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Asia Monsoon Deaths Top 1,900

At least six Indian children drowned when a tractor carrying them home from school in heavy rain slid into a reservoir and a mudslide smothered 11 sleeping workers as the death toll from the monsoon season across South Asia rose to at least 1,931, officials said Friday.

The 11 workers were buried in mud as they slept in a tin shed by the Vaishno Devi shrine in Dhaba Moth, which is in mountainous Jammu-Kashmir state. Three co-workers were pulled alive from the debris, police Superintendent M.L. Mehra said.

In the western state of Gujarat, six children were confirmed drowned and two others were missing after the tractor pulling them on a trailer skidded and plunged into a reservoir in Junagarh, police said. The driver swam to safety.

Five days of heavy downpour have inundated villages and killed dozens in India's north and west, where farmers had been praying for rain only a week earlier amid a prolonged dry spell. Monsoon rains have drenched India's remote northeast and the eastern state of Bihar since June.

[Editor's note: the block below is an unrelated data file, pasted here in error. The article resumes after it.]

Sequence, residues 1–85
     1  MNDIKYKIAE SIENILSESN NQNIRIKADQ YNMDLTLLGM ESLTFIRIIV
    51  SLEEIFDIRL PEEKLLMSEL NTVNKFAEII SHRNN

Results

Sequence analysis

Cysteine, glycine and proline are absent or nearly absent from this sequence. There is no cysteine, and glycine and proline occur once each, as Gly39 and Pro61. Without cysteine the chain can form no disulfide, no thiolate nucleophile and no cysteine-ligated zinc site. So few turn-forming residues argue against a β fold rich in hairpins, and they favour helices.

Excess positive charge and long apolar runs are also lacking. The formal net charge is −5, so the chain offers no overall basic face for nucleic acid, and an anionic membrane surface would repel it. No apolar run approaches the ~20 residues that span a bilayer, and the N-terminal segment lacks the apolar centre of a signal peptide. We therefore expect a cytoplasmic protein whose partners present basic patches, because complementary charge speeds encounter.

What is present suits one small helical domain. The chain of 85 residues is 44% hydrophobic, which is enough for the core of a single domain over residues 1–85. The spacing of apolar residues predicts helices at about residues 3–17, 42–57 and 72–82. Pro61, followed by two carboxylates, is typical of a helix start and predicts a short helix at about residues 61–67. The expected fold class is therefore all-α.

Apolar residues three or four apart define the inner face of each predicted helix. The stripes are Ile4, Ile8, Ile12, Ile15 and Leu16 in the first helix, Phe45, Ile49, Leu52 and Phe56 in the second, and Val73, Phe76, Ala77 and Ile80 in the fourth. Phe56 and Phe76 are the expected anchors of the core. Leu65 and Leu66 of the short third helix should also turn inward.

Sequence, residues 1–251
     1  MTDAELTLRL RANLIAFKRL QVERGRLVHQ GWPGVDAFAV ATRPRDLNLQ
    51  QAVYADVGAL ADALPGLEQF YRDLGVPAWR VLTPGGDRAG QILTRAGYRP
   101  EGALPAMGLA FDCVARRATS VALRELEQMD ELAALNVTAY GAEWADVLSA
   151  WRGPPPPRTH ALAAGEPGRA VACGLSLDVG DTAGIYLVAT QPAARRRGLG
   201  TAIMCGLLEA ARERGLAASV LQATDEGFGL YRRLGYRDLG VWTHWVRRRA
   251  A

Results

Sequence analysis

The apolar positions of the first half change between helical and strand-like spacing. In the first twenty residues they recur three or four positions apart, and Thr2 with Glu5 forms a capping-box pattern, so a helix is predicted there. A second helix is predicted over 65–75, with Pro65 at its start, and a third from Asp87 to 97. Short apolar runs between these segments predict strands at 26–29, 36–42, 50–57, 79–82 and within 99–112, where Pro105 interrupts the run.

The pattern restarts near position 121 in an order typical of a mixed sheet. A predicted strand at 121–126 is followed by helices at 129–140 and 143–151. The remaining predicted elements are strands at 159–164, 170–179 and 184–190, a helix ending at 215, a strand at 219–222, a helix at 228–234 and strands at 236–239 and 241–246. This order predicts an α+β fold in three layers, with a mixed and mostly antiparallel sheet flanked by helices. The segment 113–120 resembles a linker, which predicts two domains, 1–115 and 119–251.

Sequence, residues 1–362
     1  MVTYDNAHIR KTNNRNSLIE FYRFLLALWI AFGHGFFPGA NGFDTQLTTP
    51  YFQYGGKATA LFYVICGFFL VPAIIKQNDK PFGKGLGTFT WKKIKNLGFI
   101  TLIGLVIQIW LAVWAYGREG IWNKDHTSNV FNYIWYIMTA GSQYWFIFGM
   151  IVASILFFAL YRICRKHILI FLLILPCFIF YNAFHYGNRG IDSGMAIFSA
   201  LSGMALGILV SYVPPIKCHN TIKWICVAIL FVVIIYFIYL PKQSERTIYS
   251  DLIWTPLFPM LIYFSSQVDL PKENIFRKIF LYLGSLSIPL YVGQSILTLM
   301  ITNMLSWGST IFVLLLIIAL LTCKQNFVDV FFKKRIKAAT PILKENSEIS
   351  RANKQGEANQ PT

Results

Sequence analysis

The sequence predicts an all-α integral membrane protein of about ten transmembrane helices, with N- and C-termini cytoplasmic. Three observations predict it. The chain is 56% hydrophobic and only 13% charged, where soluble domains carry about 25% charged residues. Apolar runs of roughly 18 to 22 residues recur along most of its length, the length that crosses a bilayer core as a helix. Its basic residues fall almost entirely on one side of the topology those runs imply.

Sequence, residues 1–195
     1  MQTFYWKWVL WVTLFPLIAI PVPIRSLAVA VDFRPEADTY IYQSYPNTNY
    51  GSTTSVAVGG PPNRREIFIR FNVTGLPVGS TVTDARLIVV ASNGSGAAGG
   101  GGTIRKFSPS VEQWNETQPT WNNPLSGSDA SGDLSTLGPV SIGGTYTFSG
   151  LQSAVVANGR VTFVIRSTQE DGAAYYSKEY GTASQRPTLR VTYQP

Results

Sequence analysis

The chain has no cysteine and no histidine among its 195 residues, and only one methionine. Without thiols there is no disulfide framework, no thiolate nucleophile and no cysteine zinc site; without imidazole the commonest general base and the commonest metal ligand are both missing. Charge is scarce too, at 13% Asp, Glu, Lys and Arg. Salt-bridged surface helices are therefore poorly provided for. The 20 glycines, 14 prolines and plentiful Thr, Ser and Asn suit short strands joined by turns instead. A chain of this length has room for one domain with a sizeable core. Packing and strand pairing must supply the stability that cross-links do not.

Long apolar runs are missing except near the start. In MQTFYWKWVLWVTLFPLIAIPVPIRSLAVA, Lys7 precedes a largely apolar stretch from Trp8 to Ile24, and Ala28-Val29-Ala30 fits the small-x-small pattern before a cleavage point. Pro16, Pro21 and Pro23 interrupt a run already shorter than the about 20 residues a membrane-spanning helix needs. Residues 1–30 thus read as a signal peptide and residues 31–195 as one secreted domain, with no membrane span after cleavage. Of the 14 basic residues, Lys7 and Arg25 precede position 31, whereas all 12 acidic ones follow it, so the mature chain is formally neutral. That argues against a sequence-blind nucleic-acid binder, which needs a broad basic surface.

At least 1,119 people have died in India, 683 in Bangladesh, 124 in Nepal and five in Pakistan from the monsoon since June, mostly from drowning, mudslides and waterborne diseases. Last year's monsoon season, which ended in October, killed 1,500 people across the region.

Floods continued to recede in much of Bangladesh on Friday, after a high point that saw nearly two-thirds of the country under water. But a high tide in the Bay of Bengal swamped dozens of low-lying villages in the southern coastal district of Bhola, marooning at least 15,000 people, officials said.

The Bangladeshi government's health directorate reported more than 9,000 people ill with waterborne diseases such as diarrhea, dysentery, pneumonia and respiratory problems. Such illnesses have caused more than 60 deaths since June, it said.

The flooding in Bangladesh has left some 20 million people — or one-seventh of the population — in need of food for the next five months, the government has said. It estimates $7 billion in damages to agriculture, industry, housing and infrastructure.

In the Himalayan kingdom of Nepal, Red Cross officials said they were appealing for $2.17 million in emergency aid from international donors to help some 127,000 families affected by monsoon rains.

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